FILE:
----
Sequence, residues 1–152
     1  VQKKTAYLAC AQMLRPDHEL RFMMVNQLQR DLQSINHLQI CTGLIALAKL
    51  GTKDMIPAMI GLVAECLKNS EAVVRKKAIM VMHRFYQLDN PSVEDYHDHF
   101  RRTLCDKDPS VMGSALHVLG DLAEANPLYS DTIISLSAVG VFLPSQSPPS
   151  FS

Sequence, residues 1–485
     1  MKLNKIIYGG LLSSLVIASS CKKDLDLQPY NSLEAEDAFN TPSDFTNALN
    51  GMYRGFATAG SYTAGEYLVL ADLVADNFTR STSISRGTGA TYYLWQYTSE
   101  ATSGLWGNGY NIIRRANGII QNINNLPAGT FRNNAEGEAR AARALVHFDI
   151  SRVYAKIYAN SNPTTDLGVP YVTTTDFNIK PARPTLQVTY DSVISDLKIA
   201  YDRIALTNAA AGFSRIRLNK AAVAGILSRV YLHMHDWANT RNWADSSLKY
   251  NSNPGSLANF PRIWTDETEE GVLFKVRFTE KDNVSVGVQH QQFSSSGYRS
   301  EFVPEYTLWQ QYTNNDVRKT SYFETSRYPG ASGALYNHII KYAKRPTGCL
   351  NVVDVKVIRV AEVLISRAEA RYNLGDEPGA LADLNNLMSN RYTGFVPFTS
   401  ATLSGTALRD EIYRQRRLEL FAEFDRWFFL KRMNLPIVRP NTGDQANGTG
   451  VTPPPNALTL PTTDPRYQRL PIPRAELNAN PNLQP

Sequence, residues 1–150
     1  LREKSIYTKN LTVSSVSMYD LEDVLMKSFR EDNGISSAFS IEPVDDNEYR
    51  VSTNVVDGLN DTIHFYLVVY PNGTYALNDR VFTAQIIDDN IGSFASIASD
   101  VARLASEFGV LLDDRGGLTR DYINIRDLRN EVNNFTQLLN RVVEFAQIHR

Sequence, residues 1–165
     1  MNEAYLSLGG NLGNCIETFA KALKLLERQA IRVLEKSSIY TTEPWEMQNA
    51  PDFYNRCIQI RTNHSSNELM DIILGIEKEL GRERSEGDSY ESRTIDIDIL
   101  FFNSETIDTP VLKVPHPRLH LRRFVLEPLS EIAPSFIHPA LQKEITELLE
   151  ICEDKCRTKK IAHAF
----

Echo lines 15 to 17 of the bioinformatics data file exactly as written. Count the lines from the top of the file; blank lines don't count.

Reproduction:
   401  ATLSGTALRD EIYRQRRLEL FAEFDRWFFL KRMNLPIVRP NTGDQANGTG
   451  VTPPPNALTL PTTDPRYQRL PIPRAELNAN PNLQP

Sequence, residues 1–150